Re: religious text

Christopher Pound (pound@IS.RICE.EDU)
Thu, 7 Apr 1994 21:40:55 -0500

> A good theoretical stance ought to lend
> itself easily to lots of commonplace examples. I have
> not noticed many springing readily to the lips of those
> espousing their devotion to Lacan, Foucault, Derrida,
> and the like.

OK, for Lacan, I can think of a whole ethnography (_Deadly Words: Witchcraft
in the Bocage_ by Jeanne Favret-Saada). Slavoj Zizek looks at jokes, films,
politics, religion, and literature from a Lacanian perspective in many of his
books (try _The Sublime Object of Ideology_).

As for Foucault, he gives the commonplace examples himself. _Madness and
Civilization_, _The Birth of the Clinic_, _Discipline and Punish_, and _The
History of Sexuality_ are basically (except for the later volumes of _THoS_)
huge long lists of commonplace examples, and I recall that _The Order of
Things_ dwells extensively on all sorts of (boring :) details. If you need
something slightly more anthropological, try Rabinow's _French Modern_, and
there's an excerpt from his current work on biotechnology in volume one of
Late Editions, _Perilous States_.

I can't think of anything that might look like a Derridean anthropology,
but that book by Kittler I mentioned in my last message probably has a lot
in common with such a thing. _Discourse Networks 1800/1900_ is a genealogy
of hermeneutics that clearly owes a lot to Derrida, and it is always engaged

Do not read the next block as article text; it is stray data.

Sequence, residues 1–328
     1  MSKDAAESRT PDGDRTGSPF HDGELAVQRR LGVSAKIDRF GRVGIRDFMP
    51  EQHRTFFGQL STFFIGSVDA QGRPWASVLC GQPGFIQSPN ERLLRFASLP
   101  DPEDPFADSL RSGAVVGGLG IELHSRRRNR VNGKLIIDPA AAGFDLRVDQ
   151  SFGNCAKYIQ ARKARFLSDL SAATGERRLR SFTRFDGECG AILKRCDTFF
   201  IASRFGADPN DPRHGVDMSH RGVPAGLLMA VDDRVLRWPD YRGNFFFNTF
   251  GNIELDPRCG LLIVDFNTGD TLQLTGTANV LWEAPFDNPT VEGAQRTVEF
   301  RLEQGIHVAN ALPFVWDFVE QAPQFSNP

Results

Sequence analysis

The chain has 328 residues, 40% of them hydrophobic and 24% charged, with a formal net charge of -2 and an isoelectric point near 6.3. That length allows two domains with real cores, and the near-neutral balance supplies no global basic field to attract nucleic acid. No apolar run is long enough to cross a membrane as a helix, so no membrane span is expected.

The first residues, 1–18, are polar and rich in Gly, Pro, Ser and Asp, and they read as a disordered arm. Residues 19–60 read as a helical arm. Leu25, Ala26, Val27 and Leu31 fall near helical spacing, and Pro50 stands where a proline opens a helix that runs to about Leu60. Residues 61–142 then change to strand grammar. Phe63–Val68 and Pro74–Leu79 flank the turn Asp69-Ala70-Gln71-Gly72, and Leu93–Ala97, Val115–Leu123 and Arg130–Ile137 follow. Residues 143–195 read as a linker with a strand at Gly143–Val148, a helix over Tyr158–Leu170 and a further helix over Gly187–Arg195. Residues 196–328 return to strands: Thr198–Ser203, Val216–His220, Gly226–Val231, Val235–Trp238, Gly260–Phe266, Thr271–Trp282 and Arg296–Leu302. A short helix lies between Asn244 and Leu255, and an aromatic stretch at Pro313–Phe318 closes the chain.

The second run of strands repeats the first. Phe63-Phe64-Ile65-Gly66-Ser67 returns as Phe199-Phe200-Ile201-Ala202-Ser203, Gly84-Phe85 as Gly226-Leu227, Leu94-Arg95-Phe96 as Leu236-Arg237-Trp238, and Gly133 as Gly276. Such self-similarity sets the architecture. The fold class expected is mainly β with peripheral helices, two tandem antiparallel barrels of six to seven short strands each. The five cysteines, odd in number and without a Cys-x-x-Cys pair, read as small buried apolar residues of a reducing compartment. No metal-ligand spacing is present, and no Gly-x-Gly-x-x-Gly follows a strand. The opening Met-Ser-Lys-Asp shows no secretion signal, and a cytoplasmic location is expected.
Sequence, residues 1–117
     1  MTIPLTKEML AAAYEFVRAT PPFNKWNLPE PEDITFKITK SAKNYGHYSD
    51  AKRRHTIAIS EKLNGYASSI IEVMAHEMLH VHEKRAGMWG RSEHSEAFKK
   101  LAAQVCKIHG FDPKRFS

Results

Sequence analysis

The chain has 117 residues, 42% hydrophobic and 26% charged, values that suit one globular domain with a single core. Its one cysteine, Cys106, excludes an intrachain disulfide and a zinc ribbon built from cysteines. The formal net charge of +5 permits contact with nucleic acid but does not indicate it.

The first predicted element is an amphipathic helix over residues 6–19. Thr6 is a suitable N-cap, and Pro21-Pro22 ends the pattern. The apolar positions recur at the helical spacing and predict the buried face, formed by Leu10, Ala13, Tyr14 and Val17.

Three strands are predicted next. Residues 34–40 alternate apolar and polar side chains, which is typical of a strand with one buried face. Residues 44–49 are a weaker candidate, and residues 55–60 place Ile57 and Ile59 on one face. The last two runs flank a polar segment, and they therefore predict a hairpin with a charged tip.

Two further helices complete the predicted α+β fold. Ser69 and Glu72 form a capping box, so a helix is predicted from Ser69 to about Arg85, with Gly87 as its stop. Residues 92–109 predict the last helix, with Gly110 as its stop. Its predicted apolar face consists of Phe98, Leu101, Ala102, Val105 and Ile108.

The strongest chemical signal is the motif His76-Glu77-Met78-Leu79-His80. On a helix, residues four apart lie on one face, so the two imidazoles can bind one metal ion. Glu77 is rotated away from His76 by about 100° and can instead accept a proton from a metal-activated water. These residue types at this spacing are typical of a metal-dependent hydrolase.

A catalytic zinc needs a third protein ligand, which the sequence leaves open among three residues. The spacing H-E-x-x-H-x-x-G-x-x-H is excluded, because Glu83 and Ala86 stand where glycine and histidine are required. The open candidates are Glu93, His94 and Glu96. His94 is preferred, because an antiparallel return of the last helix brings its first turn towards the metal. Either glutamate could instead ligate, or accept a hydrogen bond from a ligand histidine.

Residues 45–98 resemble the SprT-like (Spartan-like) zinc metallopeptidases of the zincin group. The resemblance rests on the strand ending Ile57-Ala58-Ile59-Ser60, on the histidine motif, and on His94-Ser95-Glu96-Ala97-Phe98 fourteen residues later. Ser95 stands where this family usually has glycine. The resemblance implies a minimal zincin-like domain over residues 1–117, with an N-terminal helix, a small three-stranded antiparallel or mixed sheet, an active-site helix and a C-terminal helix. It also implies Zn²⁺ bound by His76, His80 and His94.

with the commonplace details of discourse at the previous two fins-des-siecles.
Greg Ulmer, whom I understand our friend Seeker1 knows too, has invented a
kind of pedagogy based on Derrida that he deploys daily in the classroom;
his books _Applied Grammatology_ (you didn't think it was possible! :) and
_Teletheory_ go into this in enormous detail.

I think a couple of geographers have (somewhat naively, as far as I can tell)
appropriated some Derrida and other literary critics for their "landscape as
text" stuff, and they stick closely to their geographic object (though I
can't say I recommend what they're doing). I'll give citations if forced. :-)

I remember a guy on the general philosophy mailing list (send an "info lists"
command to, I *think*) who mentioned that he often
teaches seminars that revolve around a single everyday object or experience
(e.g. "doors") and tries to fit in as many different philosophers as he can
to examine the matter ... I think I have his post on "doors" saved, including
the list of which theorists (I think Lacan and Levinas were on it for sure)
applied in which ways, if you're interested.

In short, while I agree that many discussions of these folks do not happen
to stray much into the commonplace, everyday examples of how their theories
work are not actually that hard to find. Since we're having this exchange
in an electronic medium, I'll add that you might like to read Mark Poster's
_The Mode of Information_. With chapter titles like "Baudrillard and TV
ads," "Foucault and databases," "Derrida and electronic writing," and "Lyotard
and computer science," it's probably just the thing you're looking for
(or claiming doesn't exist ... whatever :-). At least I think I've offered
enough examples to make you think it's possible for someone (like Poster)
to turn these texts into what you've called a "good theoretical stance" that
generates lots of commonplace examples.

Christopher Pound ( | They think they are Parisians, but
Department of Anthropology, Rice U. | they are nothing. -- Pierre Bourdieu